If you work on PowerPC systems of some kind – or maybe you work on car MCUs that use the NEC V800 CPU – you may have run across some strange output when you run the file command on any binary:
/usr/bin/file: ELF 32-bit MSB pie executable, PowerPC or cisco 4500, version 1 (SYSV), dynamically linked, interpreter /lib/ld-musl-powerpc.so.1, stripped
Of course it’s a PowerPC binary, but why the mention of “cisco 4500” (or Cisco 7500s for 64-bit PowerPC binaries, or Cisco 12000s for NEC V800s)? The reason behind this is a fascinating insight into the world of proprietary computing architectures and the somewhat inventive way Cisco tried to lock down some of their older systems.
A brief primer on ELF
ELF, which stands for Extensible Linking Format or Executable and Linkable Format and is not a Will Ferrell character, is a file format for executable files and shared libraries (among others).
In layman’s terms, ELF specifies things like what processor the executable runs on, the ABI that it uses, the endianness and word size (32-bit or 64-bit, for example) that it uses, and so on.
One of the fields in an ELF file is the e_machine field, which specifies the type of machine the file is designed to run on. 0x02 is SPARC, 0x03 is the Intel x86, 0x14 is 32-bit PowerPC, 0x15 is 64-bit PowerPC, and so on.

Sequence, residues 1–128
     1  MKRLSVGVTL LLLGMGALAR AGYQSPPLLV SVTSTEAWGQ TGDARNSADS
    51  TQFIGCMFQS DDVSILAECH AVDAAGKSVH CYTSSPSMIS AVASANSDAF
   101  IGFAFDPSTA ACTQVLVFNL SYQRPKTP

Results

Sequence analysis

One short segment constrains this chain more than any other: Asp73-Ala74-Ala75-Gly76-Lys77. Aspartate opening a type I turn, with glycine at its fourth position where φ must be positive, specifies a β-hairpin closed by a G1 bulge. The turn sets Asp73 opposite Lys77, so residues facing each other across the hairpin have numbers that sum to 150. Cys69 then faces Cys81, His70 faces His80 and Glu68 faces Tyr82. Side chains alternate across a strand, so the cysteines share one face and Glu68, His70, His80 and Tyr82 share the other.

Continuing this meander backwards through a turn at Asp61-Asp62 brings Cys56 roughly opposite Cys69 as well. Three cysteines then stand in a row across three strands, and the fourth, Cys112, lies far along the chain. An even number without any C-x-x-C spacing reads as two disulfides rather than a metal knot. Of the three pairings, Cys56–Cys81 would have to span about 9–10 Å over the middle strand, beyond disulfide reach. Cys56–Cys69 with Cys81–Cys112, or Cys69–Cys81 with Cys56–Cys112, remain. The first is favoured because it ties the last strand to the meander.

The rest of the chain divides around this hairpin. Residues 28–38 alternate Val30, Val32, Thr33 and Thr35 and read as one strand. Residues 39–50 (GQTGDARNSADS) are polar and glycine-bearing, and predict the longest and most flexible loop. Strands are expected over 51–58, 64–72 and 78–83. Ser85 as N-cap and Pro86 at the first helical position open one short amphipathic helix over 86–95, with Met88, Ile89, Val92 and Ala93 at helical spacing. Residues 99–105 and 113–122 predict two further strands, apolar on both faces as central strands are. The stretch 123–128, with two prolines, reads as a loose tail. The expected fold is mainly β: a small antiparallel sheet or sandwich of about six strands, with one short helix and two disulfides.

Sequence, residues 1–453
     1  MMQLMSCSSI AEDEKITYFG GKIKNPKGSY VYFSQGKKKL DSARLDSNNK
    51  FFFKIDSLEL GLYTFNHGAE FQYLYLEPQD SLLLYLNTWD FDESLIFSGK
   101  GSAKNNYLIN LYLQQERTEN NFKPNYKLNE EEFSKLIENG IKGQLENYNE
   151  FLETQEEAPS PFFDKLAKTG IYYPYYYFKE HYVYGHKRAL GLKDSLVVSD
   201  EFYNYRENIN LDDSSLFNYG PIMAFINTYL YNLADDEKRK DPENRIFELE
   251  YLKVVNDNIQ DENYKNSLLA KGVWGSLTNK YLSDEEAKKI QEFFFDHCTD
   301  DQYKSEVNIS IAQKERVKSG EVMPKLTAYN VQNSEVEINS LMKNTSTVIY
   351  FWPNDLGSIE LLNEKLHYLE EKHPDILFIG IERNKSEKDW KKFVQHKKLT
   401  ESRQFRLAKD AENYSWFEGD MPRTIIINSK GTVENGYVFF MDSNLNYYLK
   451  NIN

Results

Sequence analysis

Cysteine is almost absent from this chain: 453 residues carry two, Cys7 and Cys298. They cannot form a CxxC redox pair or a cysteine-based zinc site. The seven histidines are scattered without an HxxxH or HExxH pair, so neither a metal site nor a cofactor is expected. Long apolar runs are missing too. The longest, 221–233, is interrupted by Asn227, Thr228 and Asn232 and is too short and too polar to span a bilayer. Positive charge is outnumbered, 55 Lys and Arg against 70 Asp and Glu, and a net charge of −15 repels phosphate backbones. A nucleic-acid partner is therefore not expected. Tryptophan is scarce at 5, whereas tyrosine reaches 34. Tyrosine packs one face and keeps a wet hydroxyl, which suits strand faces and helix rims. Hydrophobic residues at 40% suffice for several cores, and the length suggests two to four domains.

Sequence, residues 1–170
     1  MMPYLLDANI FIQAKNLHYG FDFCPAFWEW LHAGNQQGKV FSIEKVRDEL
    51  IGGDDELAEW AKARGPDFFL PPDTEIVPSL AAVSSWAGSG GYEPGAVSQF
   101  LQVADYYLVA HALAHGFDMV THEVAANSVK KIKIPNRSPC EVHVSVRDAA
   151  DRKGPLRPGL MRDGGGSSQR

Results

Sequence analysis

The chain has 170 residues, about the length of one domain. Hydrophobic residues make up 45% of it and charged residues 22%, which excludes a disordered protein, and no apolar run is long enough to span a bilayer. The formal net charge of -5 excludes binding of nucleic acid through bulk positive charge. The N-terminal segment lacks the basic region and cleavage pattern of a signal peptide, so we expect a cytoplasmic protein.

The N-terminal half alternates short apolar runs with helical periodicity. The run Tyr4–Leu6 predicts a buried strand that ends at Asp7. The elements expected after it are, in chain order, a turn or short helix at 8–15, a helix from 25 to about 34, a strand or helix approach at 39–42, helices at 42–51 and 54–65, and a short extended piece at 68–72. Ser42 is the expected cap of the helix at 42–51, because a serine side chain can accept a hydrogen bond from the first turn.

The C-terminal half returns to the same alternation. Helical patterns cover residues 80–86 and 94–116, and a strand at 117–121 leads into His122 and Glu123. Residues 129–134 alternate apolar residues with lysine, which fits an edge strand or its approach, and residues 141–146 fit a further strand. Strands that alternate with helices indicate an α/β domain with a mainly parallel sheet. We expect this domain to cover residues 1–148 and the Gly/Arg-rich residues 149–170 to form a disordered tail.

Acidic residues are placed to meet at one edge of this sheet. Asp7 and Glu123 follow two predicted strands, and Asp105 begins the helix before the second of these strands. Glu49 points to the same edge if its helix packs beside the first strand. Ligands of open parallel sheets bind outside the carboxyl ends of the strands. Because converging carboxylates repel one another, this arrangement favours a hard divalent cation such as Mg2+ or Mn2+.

This is the identifier that allows your OS to tell you “Exec format error” (or similar) when you run an executable for a CPU other than the one you are currently using. As a side note, it is also this field that allows qemu-user binfmt to work, if you are curious.
Cisco’s use of e_machine
The boot loader for Cisco IOS machines, also known as ROMMON, will refuse to load firmware for a different router model than the system. For example, on a Cisco 2911, you may see:
loadprog: error - Invalid image for platform
e_machine = 30, cpu_type = 194
ROMMON uses e_machine as a sort of “model number”. The Cisco 4500 uses cpu_type 20 or 0x14, which happens to also be the ELF e_machine for PowerPC.
The “magic” library that the file command uses to determine the machine type of ELF binaries only knows a few models of Cisco. I haven’t been able to determine their criteria for inclusion, or why some are present and some aren’t.
The ROMMON error was gleaned from an OpenWrt forum post; I don’t have hardware to show this error myself.
More information about how older Cisco devices use ELF can be found on the LinuxMIPS wiki.
This question was originally asked by some curious people on the #talos-workstation IRC channel on Libera.Chat. I knew the basics of Cisco’s ELF-scapades, but they were the ones who inspired me to make this write-up and learn a bit more.